Ancient Akrai, a colony of Syracuse founded in 664 BC, survived until the Arab period and was later replaced by medieval Palazzolo. But conspicuous monuments remain of the Greek colony. They were explored by Gabriele Iudica in the 19th century. Luigi Bernab˛ Brea conducted important excavations on the site from 1950 on and especially from 1963, when the main lines of the town plan were revealed. The small theatre, certainly no later than Hiero II (3rd century BC), presents a regular plan. The orchestra had the form of a perfect semicircle. The cavea, the area of tiered seating, was also semicircular, rather than horseshoe shaped; it was hewn into the hillside and divided into nine segments by eight stairways. The scaena must have had a colonnaded or pilaster-fronted logeion. The theatre was remodelled in the Roman period, when the existing paving of the orchestra was done and when the stage (pulpitum) was moved forwards into the orchestra itself. Adjacent to the theatre is the bouleuterion, seat of the city's senate, which must have faced onto the agora, or forum, centre of the civil and political life of the city. The Temple of Aphrodite, the main deity of Akrai, stood on top of the hill overlooking the town.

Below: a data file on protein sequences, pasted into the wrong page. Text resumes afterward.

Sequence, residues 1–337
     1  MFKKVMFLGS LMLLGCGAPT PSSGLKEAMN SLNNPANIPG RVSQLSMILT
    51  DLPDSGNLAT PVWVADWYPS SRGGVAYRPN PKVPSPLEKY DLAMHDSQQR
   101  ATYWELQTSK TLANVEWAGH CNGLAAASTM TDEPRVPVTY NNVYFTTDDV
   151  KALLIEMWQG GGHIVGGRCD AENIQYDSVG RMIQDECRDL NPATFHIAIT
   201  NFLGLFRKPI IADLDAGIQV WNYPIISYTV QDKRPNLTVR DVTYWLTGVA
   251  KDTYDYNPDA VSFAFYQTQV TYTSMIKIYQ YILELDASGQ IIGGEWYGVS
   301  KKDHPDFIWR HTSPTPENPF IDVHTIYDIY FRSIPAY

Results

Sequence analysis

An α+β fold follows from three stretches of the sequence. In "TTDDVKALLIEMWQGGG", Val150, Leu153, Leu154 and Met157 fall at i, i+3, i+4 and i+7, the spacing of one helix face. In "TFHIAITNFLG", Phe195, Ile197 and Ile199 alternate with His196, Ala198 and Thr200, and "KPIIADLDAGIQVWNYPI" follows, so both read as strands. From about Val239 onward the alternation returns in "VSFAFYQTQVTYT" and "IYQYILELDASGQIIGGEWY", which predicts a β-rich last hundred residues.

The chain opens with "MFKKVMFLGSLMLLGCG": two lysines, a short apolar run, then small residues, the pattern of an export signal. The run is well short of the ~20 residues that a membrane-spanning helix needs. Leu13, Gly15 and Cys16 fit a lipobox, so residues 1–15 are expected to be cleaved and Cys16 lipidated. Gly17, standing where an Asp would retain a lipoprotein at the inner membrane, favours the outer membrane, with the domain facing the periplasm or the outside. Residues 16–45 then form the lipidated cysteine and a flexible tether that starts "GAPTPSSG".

The rock sanctuary of Cybele was situated on one of the spurs that branch out eastwards from the hill of Acre. The cult of Cybele, an Asian deity, was probably introduced into Sicily by Dionysius II, who had become a priest of the goddess during his exile in Corinth. Numerous images of the goddess, almost always seated, with two lions at her feet, with a panther in her hand and a drum in the other, are carved into the bare rock.